Another day and another opportunity for huge escapades in the wilds of north Iceland. Begin your day with a meet and greet with Iceland’s furriest residents – Siberian huskies! Families of dog-lovers will relish the chance to get up close to the silky-soft canines, who love to be petted and pose for pictures against the wintery backdrop of Lake Mývatn. Then the adventure really begins as you head out onto the icy snowfield on a sled, taking turns at mushing as the huskies pull you along at surprising speed.

    Continue your day by driving to Godafoss waterfall, west of Lake Mývatn, to admire the cascades of water that unfeasibly flow over a rocky cliff, plunging into a deep blue pool, despite the subzero temperatures. Gaze at the elongated icicles at the side of the waterfall and marvel at this powerful body of water. Back on the road, head to the Forest Spa, a magical spa pool located in a woodland. Have lunch in their stylish restaurant, tasting local specialities like reindeer, char and duck pate before heading into the steamy pools. Surrounded by snow-laden fir trees with views onto the twinkling lights of Akureyri, the Forest Spa is architecturally designed and beautifully crafted from wood. You simply can’t fail to feel relaxed here and kids will love the slushies on tap from the swim-up bar.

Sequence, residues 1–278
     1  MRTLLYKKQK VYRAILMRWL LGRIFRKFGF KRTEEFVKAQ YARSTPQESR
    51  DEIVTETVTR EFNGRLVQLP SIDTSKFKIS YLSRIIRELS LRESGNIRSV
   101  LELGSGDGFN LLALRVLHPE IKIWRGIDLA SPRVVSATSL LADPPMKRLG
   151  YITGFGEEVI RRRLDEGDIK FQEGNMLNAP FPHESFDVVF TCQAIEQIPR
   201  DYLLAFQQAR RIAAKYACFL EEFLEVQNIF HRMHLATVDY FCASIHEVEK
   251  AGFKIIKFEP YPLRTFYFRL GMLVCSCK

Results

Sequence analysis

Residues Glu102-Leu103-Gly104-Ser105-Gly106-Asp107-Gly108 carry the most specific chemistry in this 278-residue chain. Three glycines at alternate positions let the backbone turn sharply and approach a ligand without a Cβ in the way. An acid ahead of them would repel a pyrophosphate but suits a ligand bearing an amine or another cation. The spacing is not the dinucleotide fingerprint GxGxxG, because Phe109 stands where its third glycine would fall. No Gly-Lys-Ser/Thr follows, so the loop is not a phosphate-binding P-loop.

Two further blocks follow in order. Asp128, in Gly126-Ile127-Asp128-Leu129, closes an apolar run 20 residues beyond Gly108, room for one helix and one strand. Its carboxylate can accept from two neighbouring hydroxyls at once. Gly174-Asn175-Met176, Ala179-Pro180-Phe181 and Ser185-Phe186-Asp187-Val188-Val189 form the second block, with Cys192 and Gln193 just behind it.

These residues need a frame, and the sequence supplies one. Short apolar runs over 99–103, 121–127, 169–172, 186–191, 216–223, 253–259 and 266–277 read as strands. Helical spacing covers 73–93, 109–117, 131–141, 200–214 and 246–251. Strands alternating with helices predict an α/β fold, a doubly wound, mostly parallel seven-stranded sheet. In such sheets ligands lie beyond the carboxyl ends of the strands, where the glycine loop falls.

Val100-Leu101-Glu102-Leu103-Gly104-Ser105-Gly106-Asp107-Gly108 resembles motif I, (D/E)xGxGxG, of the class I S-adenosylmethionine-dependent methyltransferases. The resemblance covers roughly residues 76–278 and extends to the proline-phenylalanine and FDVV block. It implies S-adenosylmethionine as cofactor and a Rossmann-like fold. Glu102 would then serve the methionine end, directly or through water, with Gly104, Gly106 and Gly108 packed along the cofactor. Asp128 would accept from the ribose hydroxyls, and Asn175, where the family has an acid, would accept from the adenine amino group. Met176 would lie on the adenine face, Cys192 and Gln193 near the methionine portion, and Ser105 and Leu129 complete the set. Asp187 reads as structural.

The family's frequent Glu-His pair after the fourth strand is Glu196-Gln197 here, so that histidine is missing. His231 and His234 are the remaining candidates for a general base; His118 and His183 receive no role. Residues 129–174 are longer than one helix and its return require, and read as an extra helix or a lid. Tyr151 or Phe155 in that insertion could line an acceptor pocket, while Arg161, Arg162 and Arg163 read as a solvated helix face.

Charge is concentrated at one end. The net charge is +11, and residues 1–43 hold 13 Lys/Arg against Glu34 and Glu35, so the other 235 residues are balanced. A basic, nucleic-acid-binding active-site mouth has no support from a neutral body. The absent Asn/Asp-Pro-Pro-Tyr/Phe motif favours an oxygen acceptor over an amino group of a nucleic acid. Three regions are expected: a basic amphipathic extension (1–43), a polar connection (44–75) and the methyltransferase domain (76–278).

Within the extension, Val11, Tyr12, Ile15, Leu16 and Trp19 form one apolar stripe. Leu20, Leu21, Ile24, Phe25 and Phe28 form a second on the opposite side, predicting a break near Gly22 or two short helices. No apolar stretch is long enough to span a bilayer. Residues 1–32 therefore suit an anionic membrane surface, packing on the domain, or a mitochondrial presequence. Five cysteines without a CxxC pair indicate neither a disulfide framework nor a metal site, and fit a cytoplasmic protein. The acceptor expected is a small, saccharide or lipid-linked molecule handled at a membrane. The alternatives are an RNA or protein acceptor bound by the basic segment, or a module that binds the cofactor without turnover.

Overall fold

Ski and Sushi

    Save the last day for your most epic adventure yet – skiing the powder snow of Hlidarfjall. Even the winding drive up to the mountains feels like entering a transcendent lunar wilderness yet when you arrive, ski rental and chair lifts await to get you skiing. A well organised ski school is available for children, allowing adults time to get to the top of the mountain to fly down black and red runs or off-piste in knee-deep powder. Watch the sun rise, hover on the horizon before setting again; while the ski resort’s flood lights come on, allowing for skiing well into the evening. After all your exertion, reward yourself at Akureyri’s best restaurant – Rub 23 – for huge platters of sushi, char tempura, Icelandic snow crab and craft beers. Finish with another visit to Brynja ice cream parlour for pudding.

    Drive back to Fosshotel for your final night, being sure that you look up. The cherry on the cake for your last night could be the opportunity to see the Northern Lights – an otherworldly display of green and yellow flickering lights that dance across the sky like a fluorescent harlequin. In the morning, begin your return journey home, armed with a million family memories and talking points from your epic trip to Iceland.